The game is also fully playable with a controller. Soup is also fully edible through a shoe. Just because something is there, doesn’t mean it’s any good. The controller scheme is clunky and without the ability to remap buttons you’re kind of stuck with what you get. Cycling through the weapons can be a bit of a chore and trying to balance some of Painkiller’s nuances with the sticks just feels cumbersome. Let’s hope they address this before the console release come January 22nd.
While I lamented the levels that didn’t make the cut for Hell & Damnation, I was sadly surprised to find some of the AI did. The old school twitch shooters didn’t really need much when it came to enemy AI, the goal was to send hordes of baddies at you and let you try to deal with the onslaught. The issue arises when the enemies get stuck behind scenery unable to pose any real threat or get lost in the level leaving you to hunt them down before you can progress. The compass will show you where the slackers are hiding out, so it’s not a major issue, but it’s an annoyance that should have been caught. However, I imagine this will be patched fairly quickly. Other issues, such as having to wait for bodies to disintegrate into green souls, slow down the action just when things are really starting to heat up. Minor complaints to be sure, but when we’re talking about a 5 hour campaign the core experience really shouldn’t be marred with these flaws.
Bosses are an annoyance for all of the wrong reasons in Hell & Damnation. While they look absolutely stunning rendered in UE3, the experience of actually fighting them is fairly painful. You could say I needed a Painkiller to deal with it. (Ed note – You know I will fire you, right?) All of the bosses suffer from the same annoyances: Massive amounts of health, attacks that you have no chance of avoiding, and incredibly obscure weaknesses. I love a boss battle where I need to find a unique way to take them down and end up feeling like the smartest man in the room when I do, but often the boss battles boiled down to “Just throw everything against the wall and see what sticks.”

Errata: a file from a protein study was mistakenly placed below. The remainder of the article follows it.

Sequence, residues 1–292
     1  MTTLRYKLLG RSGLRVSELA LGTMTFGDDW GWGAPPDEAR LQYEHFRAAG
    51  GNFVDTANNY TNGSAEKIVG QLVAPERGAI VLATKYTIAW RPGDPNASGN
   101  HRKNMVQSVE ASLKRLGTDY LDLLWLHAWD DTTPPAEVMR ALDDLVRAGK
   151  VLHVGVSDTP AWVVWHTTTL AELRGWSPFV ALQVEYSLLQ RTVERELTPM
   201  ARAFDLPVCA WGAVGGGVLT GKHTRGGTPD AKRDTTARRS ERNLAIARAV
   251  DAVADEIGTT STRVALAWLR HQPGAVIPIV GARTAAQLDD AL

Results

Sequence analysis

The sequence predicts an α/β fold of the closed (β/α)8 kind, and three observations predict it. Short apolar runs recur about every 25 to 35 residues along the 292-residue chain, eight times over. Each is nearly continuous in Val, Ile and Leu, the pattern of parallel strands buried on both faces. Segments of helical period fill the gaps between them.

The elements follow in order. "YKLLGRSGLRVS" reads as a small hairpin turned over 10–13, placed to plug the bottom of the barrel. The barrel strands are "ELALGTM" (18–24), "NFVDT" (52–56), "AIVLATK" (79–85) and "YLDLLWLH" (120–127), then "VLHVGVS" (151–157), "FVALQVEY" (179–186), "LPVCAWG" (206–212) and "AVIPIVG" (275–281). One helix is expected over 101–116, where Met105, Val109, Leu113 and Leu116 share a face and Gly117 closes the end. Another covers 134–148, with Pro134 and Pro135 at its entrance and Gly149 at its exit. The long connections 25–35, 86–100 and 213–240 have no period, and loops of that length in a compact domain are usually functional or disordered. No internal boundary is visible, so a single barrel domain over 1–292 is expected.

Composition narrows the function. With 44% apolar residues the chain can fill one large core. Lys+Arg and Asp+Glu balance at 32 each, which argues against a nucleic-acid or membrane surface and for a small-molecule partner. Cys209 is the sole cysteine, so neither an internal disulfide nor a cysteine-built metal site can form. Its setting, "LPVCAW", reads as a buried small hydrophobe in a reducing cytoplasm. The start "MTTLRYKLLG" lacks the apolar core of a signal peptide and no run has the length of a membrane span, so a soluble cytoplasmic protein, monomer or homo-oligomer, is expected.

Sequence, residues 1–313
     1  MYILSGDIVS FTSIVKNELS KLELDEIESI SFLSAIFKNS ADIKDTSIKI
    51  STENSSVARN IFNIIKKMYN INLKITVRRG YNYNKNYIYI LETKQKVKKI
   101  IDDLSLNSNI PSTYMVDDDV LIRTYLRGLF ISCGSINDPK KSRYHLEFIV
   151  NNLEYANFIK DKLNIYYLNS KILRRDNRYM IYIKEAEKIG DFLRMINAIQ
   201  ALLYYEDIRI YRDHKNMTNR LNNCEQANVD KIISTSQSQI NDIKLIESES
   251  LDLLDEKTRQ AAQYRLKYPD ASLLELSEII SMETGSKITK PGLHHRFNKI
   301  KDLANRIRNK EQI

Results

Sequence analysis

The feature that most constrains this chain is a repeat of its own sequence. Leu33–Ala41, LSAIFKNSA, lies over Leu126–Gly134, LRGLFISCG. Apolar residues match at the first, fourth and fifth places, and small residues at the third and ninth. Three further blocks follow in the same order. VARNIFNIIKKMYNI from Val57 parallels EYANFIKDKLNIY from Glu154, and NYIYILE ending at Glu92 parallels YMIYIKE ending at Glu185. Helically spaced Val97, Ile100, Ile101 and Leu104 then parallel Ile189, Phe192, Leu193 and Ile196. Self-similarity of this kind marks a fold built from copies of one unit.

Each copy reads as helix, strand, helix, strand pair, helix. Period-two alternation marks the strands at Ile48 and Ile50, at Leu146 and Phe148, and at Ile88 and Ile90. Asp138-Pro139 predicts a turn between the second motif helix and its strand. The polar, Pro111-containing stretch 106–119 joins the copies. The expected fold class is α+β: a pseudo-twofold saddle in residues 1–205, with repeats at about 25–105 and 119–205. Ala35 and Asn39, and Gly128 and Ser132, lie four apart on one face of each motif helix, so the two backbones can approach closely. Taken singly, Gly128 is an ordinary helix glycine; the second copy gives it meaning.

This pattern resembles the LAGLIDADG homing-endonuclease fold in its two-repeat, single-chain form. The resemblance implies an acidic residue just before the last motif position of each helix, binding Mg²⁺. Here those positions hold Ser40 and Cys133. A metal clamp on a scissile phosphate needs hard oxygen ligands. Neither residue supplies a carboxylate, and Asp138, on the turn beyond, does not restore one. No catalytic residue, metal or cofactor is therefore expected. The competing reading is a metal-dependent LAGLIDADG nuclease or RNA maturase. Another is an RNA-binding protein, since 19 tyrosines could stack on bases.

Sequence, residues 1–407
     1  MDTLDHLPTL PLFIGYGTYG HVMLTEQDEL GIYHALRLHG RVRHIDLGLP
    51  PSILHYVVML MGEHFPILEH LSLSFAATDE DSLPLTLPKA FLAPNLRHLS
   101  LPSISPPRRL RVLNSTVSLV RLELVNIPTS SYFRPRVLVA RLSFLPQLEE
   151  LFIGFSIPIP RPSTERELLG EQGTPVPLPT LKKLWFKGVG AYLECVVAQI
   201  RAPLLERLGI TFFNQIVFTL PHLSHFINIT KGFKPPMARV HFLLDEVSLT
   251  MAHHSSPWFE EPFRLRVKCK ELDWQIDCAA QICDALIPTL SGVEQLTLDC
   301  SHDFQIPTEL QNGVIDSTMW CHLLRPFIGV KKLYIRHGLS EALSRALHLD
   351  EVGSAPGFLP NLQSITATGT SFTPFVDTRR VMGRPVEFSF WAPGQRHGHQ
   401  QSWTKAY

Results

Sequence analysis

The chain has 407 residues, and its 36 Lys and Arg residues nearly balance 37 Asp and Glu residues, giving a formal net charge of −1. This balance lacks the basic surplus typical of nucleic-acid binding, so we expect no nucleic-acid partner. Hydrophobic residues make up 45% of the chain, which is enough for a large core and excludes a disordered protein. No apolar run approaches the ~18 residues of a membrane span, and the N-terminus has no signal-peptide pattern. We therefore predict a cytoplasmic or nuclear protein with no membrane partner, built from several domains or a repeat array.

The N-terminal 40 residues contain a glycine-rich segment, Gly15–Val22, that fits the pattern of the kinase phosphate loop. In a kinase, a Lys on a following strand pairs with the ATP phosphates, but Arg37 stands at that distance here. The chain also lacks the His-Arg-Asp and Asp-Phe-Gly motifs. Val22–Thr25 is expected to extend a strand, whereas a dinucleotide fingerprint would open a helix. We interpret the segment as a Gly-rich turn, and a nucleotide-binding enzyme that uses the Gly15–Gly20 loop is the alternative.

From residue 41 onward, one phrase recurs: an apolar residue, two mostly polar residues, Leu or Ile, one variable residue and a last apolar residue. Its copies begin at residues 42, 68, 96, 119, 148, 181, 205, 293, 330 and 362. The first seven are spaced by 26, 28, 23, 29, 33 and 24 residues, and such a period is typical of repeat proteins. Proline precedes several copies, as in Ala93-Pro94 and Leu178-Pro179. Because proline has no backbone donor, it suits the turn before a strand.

Hell & Damnation brings co-op into the mix, but I can’t imagine this gaining any real traction. It’s a blast blowing away hordes of baddies with a buddy, but without being able to tell where your friend is on the map, it can be hard to keep track of exactly what’s going on. The ultimate nail in the coffin is the inability to save your progress playing through co-op. You can choose what missions you want to play through, so it’s easy to simply do your favorites, but removes any real incentive to sit down with a friend and go to town.
The competitive multiplayer sees some massive upgrades from the original Painkiller, but I do have to wonder if it’ll be enough. The new modes help spark a bit of interest in the mode, but I don’t know if that alone will be enough to pull players over. If you’re still playing the original Painkiller online, you don’t need a new physics system or better visuals to pull you in. Players new to the series will get a taste of some old school twitch shooting, but there are better examples of it out there.
The one thing that matters the most when it comes to games is if it’s actually fun to play, and I can say overwhelmingly that Painkiller: Hell & Damnation is a blast. While it was over too soon and had its share of issues, I immediately wanted to play through it again when I was done. Watching a line of skeletons topple to the grown as I saw off their legs never got old, and there was enough challenge to keep me coming back to my keyboard. I can’t say for certain that I would recommend it over the original Painkiller: Black Edition which is half the price and offers a bit more, albeit through a dated game, but I can say that newcomers shouldn’t be wary of picking this up.
Painkiller: Hell & Damnation wasn’t the complete reimagining of the franchise it needed to put it on top, but it’s a far cry from the laughably bad games the series has suffered through recently. Hopefully The Farm 51 continues developing their interest, and with the next title we’ll see something surely worthy of reclaiming its crown.
This review is based on a PC copy of the game that was provided to us.